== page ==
The Long Road to Africa

I woke up Friday morning with a bang. Literally. A thunderstorm had rolled into Seville and the crash of thunder at 7am shook the hostel walls, waking everyone up. Rain was bucketing down and the wind pushed the window shutters wide open. After a late night chatting with new friends in the common room the night before, it took all my strength to drag my butt out of bed to close the window. Turns out rain had been pouring into the room for some time, and completely soaked all our bags that were lying under the window sill. Yup, it was going to be a long day.
I opted for paying the extra 4€ to take a taxi to the bus station, instead of fighting public transportation in the storm. I prayed there were still seats open on the bus to Algeciras. The online sites for bus bookings in Spain for some reason don’t accept Canadian credit cards. Which means all my onwards bus trips have involved crossing my fingers for free space. So far I’ve been fairly lucky, and only had to wait 4 hours for one bus onward to Granada. Luckily again, there was still space on this one too!
It was a treacherous 3 and a half hours drive South in the middle of the storm. Fork lightning crashed down a couple hundred meters from the bus, people were screaming from the thunder bangs, and I was fairly certain I was going to see a wind turbine explode as we drove through a field full of giant metal windmills in an electrical storm.
All I could think was, “there’s no way the ferries will be running to Morocco today. Not in this storm”. Then surprisingly enough, just north of the coastline, we popped out into the sunshine again!
The coast was gorgeous! It was surreal to be able to look across the straight of Gibraltar to see the coast of Africa on the other side.
I had decided to cross the straight from Algeciras to Tangier. Not only did my hostel recommend it, but my guidebook had said it was both the cheapest and most popular route across the straight… Not exactly so.
Had I read the fine print, there’s no way I would have gone the route I did. Sure it was cheap. That’s the only thing this route had going for it. 20€ and I could safely cross to Africa… But not exactly Tangier.
When our bus to Algeciras made a pitstop in Tarifa, and 90% of the bus got off, I should have known. The ferry from Tarifa, although 15€ more expensive, takes 35 minutes, and takes you to the edge of the Tangier Medina. Algeciras, which is a further 30 minutes on the bus from Tarifa, has a ferry that takes between 1.5 and 2.5 hours, and it takes you to Tangier-Med, which is a port in the middle of nowhere, 45 minutes from Tangier city. By the time I had realized this, it was too late. Looks like this journey just got significantly longer…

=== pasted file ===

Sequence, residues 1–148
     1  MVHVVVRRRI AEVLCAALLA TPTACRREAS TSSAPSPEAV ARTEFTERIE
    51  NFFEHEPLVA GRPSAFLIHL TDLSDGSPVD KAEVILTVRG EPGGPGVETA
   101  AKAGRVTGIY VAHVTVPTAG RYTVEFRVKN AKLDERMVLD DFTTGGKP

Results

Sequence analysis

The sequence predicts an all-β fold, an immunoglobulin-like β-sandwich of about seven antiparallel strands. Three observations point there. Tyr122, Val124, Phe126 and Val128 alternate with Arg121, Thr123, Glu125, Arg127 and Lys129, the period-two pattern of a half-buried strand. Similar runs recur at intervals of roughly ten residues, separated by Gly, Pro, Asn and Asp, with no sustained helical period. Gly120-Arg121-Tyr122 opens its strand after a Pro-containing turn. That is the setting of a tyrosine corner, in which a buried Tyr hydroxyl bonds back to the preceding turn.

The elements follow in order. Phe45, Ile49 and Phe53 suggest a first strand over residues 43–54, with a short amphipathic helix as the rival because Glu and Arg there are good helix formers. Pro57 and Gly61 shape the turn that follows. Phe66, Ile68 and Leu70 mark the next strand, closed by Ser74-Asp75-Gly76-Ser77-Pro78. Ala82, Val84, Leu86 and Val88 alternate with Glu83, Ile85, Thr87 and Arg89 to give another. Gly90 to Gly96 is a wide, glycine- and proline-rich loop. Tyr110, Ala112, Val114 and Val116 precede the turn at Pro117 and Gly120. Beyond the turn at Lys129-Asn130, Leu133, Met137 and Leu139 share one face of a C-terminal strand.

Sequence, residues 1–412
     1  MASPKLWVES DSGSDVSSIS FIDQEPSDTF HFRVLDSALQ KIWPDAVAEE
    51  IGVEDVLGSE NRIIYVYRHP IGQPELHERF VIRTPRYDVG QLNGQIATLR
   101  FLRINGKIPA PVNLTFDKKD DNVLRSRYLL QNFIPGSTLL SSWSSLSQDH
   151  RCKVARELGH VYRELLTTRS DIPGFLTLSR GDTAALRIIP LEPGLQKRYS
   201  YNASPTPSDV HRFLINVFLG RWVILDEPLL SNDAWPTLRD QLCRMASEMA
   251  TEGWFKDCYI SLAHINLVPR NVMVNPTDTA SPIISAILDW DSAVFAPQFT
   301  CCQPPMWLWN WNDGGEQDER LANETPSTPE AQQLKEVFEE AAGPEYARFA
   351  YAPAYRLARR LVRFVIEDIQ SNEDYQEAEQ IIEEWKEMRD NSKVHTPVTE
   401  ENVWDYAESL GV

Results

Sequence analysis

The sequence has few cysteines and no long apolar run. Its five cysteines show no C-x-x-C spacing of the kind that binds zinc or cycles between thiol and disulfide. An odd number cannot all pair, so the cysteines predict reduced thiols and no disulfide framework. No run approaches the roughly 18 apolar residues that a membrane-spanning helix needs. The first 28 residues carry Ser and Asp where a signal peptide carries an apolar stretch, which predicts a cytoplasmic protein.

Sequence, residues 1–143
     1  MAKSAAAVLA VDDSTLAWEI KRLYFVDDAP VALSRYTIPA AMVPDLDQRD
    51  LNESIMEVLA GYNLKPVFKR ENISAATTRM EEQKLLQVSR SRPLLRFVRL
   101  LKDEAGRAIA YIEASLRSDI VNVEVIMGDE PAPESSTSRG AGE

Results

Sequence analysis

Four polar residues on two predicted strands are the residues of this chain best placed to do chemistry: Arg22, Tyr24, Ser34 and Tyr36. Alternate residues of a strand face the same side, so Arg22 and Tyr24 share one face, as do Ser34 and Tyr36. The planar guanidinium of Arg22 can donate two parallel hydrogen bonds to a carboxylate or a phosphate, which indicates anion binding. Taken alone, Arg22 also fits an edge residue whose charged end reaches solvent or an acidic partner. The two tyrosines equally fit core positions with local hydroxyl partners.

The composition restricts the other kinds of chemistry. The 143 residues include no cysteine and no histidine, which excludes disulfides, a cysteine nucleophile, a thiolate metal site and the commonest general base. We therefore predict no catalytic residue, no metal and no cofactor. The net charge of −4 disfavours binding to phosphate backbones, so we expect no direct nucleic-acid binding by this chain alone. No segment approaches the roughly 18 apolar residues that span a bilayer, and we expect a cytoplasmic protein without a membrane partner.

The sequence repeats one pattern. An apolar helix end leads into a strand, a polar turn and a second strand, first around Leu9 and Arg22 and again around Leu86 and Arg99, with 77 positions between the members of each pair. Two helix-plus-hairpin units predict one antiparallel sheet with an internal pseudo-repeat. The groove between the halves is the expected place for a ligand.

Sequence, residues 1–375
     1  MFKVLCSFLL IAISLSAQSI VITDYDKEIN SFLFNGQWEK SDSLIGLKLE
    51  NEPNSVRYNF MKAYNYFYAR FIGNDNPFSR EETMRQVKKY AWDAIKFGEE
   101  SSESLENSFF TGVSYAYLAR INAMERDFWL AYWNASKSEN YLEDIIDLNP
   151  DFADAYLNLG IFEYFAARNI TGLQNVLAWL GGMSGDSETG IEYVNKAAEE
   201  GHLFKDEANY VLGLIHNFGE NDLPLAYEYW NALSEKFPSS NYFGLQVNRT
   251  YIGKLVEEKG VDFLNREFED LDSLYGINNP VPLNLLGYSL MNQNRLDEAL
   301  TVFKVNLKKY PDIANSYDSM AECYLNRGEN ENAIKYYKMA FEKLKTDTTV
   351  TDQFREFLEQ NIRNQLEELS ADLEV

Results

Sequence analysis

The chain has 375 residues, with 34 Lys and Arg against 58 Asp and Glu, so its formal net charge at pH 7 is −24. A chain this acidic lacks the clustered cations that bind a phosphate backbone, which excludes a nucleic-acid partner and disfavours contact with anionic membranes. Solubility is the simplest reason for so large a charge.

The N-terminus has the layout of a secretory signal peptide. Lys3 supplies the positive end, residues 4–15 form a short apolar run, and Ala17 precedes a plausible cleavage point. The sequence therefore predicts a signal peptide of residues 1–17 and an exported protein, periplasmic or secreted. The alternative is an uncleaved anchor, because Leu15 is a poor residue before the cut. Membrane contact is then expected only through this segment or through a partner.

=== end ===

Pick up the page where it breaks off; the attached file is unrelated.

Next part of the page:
I managed to dodge the Algeciras touts that told me, not only did they not sell tickets at the port, but the ferry would cost 40€ and leave at 4:00 pm. My instincts told me he was crazy, and when I arrived at the port I was pleased to learn it would be 20€ and was leaving right away!
Well it was scheduled to leave right away. Our 2:00 ferry didn’t actually leave port until 3:15, but at least I was onboard. And the views of the coastline and the town of Gibraltar were enough to keep me occupied.
The route definitely wasn’t popular either. The ferry was large enough to hold hundreds upon hundreds of people… There were 6 of us that walked on the ferry. A few more drove cars on, but the ship was pretty much empty.
We arrived after nearly 2 hours into the deserted Tangier-med port. I was completely without a plan as we landed on the coast of North Africa. Originally, I wanted to head straight to Chefchauoen, but the hostel was fully booked and the last bus left at 12:30 in the afternoon. I had no money, no place to stay, no idea where to go. And yet I had the most amazing first impression of Morocco…
A local man informed us that exchange rates were much better in Tangier, and that we would only be ripped off getting money from Tangier-med. Since I and another couple I met on the ferry only had euros on us, the man paid for us all to take the 45 minute bus to Tangier. He refused to accept any money, and when we arrived, he pointed us in the right direction to a proper bank.
My card wouldn’t work at the atm, and since Friday is a holy day, the bank was closed. Luckily the couple from the UK switched me $20 worth of cash before we went our separate ways.
With $20 in my pocket and no plans, I almost felt a little anxious about what to do before the sun set. But I saw an Internet cafe across the street and looked up a hostel in the area I could book. The man that ran the VERY local Internet cafe was amazingly sweet. Arabic keyboards are more than just a little confusing, and yet he patiently walked me through how to make symbols like “@” or “.” as I needed them. When I was leaving he asked me “Your first time in Morocco?”
“Yes,” I replied